The history of insane asylums is plagued with terror and abuse. A multitude of asylum and psychiatric patients have lost their lives, dignity, and maybe even what was left of their minds as a result of cruel and overcrowded confinement. Moreover, the "treatment" of mental illness in the past often involved horror movie-style methods.
It's no wonder that - like the real-life homes that became haunted in the wake of horrifying events - most of the creepy abandoned buildings that once housed hundreds of mental patients now inspire many ghost stories and are home to continuous paranormal activity. This list compiles just a few of these haunted institutions that can be found around the world.
The Waverly Hills Sanatorium in Louisville, Kentucky, was constructed in 1910 for the treatment of people with tuberculosis. Over the span of its operating years, around 63,000 patients perished inside of Waverly Hills. This sanatorium also has a special tunnel that was built for the express purpose of moving materials - like dead bodies - out of the building and down the hill it sits atop. The tunnel is now known as the "body chute," and many hauntings experienced at Waverly Hills are centered around the tunnel - whether they involve the ghosts of dead patients or of doctors who opened up and drained the patients before their transport in the chute. Many incidents involve strange shadows, closing doors, and ghostly apparitions.
One particular ghost who is known to haunt the sanatorium is a uniformed nurse who is said to tell people to leave Room 502. Apparently, a nurse had previously hung herself in that very room. Another nurse is said to have jumped from the top of the sanatorium after working in Room 502.
Pennhurst Asylum in Pennsylvania was opened in the early 20th century as a home for mentally disabled children. It was overcrowded, scantily staffed, and poorly funded by the government - which led to overworked and desperate staff members practicing cruel punishments. Children were drugged, chained to their beds, and isolated for extended amounts of time. A reporter revealed the horrors of the asylum in 1968, and it was shut down a few years later.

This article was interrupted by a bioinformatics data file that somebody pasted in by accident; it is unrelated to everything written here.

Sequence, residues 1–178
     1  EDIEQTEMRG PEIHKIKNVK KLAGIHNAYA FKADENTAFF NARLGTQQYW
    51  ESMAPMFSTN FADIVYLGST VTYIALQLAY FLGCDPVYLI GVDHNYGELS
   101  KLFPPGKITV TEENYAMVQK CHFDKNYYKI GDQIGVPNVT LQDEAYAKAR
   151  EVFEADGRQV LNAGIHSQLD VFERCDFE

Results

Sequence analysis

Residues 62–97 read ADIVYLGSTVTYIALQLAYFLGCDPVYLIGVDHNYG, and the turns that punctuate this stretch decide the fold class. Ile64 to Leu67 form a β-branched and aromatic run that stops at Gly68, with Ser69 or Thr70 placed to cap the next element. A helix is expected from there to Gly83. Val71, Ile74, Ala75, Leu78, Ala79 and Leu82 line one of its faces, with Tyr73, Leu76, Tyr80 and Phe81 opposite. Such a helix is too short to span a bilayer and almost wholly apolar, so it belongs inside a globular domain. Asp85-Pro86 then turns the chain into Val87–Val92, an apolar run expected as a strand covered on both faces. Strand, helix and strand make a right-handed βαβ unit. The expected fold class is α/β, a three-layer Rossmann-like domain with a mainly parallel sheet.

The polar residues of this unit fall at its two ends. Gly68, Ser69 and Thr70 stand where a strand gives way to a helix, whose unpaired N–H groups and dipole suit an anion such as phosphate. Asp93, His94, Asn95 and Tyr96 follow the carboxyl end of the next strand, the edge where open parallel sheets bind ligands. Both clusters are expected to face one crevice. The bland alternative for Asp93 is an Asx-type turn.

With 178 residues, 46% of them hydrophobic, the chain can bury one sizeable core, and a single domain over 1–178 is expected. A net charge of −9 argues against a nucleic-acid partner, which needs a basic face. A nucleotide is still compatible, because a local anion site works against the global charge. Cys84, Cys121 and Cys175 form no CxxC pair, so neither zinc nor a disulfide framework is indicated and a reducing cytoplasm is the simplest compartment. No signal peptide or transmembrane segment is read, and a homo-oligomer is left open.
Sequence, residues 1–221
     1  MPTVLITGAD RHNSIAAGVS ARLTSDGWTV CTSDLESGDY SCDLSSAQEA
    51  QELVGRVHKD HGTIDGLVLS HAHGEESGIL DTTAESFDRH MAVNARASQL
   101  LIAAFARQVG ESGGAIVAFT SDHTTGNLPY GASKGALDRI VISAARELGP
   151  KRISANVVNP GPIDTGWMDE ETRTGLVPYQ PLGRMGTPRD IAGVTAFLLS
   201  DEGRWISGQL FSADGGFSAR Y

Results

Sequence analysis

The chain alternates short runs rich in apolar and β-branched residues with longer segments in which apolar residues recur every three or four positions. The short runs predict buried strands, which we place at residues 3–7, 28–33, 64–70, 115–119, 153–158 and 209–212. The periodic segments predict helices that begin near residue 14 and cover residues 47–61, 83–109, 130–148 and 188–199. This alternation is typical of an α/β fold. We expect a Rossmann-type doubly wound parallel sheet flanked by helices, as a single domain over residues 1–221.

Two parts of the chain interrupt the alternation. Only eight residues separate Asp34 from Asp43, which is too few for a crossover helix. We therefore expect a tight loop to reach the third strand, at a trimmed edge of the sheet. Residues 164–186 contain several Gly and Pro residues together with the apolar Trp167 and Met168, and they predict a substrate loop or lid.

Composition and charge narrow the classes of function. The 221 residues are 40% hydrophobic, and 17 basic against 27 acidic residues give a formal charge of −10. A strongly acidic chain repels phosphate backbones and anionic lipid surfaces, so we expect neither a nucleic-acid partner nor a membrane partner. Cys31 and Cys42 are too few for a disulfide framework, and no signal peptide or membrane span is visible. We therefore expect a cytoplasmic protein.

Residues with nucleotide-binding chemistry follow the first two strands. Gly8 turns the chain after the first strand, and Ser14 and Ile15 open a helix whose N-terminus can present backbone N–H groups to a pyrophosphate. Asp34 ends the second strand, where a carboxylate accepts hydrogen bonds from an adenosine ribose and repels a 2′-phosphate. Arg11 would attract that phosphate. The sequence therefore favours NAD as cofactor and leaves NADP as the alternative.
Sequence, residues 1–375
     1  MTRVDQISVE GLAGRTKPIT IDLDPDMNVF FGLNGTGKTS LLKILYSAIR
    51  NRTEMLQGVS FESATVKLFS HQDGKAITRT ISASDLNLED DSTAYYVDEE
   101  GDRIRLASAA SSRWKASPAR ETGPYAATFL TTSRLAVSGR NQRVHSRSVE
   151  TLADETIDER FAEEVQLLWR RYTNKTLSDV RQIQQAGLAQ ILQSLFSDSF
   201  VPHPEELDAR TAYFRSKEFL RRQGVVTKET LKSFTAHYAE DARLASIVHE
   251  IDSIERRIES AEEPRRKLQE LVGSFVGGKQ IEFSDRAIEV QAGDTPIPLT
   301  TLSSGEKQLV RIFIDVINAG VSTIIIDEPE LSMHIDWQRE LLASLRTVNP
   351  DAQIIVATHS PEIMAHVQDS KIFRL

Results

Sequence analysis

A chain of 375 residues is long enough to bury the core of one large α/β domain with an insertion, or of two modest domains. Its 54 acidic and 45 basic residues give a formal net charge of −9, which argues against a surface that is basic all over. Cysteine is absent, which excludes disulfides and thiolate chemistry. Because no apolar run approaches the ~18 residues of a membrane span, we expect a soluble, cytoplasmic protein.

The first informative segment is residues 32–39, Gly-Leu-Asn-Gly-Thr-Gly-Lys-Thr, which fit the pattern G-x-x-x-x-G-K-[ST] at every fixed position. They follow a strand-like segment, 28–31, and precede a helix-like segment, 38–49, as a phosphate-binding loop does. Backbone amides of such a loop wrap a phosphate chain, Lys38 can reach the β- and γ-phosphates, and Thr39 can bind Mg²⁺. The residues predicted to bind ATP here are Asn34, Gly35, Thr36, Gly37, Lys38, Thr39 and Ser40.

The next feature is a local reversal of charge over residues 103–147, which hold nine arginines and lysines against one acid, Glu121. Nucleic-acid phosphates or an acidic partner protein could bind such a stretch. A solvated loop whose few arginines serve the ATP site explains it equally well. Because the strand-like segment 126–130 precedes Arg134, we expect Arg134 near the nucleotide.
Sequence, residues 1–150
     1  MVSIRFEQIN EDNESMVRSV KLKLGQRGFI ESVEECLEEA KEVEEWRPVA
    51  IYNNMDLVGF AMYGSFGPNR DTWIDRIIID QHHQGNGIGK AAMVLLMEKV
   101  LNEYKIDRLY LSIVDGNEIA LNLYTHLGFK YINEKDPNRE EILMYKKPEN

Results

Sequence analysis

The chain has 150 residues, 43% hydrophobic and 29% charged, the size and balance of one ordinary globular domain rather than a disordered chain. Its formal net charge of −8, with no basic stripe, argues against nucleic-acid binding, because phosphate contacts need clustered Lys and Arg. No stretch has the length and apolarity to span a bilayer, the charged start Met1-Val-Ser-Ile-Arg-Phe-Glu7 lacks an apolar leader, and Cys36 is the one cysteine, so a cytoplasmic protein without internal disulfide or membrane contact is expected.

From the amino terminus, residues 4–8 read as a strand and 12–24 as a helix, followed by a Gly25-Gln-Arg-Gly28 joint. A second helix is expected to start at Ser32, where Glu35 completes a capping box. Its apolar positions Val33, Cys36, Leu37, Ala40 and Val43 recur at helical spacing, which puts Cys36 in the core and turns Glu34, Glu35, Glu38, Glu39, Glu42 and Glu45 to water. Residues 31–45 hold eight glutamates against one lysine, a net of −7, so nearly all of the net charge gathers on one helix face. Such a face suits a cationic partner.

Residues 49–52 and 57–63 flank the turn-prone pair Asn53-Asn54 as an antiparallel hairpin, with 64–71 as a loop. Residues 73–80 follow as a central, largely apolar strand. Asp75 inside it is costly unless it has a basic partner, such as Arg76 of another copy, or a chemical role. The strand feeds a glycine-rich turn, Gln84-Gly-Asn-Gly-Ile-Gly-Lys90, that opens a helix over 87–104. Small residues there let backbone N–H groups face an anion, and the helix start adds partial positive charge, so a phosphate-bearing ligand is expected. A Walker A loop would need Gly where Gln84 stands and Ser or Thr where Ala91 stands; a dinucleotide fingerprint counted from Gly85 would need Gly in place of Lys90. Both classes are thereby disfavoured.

Though it is currently run as a haunted house attraction, previous caretakers of the property claim that the place is haunted by upset spirits. Some reports include the sound of footsteps, empty rooms emitting piercing screams, and slamming doors. Investigators of the property have experienced negative paranormal activity that may be linked to poltergeists, such as being touched or shoved and having objects thrown at them. One investigator was even scratched by an entity.
The Athens Lunatic Asylum opened in 1874 in Athens, Ohio. The asylum treated mentally and criminally insane patients. The accompanying cemetery is the burial site of many patients, and many people have reported ghost sightings and unidentifiable screams there.
A popular paranormal story linked to Athens involves a patient named Margaret Schilling. In December 1978, Margaret was playing hide-and-seek with nurses who eventually became distracted by the demands of other patients. The nurses forgot about Margaret, and a year later, her body was found by a maintenance worker. Apparently, an immovable imprint of Margaret's body, clothes, and hair remains visible on the floor despite decades of cleaning.
The Beechworth Lunatic Asylum in Victoria, Australia, dates back to 1867. Because more than 3,000 patients perished there over a span of only 128 years, the place is a hotbed of paranormal activity.
One of the more frequently seen ghosts is believed to be that of Matron Sharpe. She has been seen walking into classrooms and former dorm areas, and she has been known to glide down a granite staircase on the premises. Legend has it that Sharpe was uncharacteristically compassionate toward patients at Beechworth, and even after her passing, she could be spotted giving them comfort. Reportedly, nurses "would report seeing the Matron sitting with patients who were due to have electro-shock treatment. Those who say they've witnessed this say the room was icy cold, but her presence was comforting."
Another ghost who haunts Beechworth is Tommy Kennedy, a patient who was eventually given a kitchen-hand position. Tommy perished in the kitchen, which is now a space called the Bijou Theater. People claim to feel someone pulling their clothes or poking their ribs within this theater, and Tommy is believed to be the culprit.
A more frightening haunt is that of a patient who disappeared and was found several weeks later in a tree. Max, the resident dog at the time, was discovered chewing on a leg near the entrance to the grounds. It was here that the lost patient was found - decomposed so badly that his leg had fallen off. The ghost of this patient is known to be seen haunting the asylum entrance early in the morning.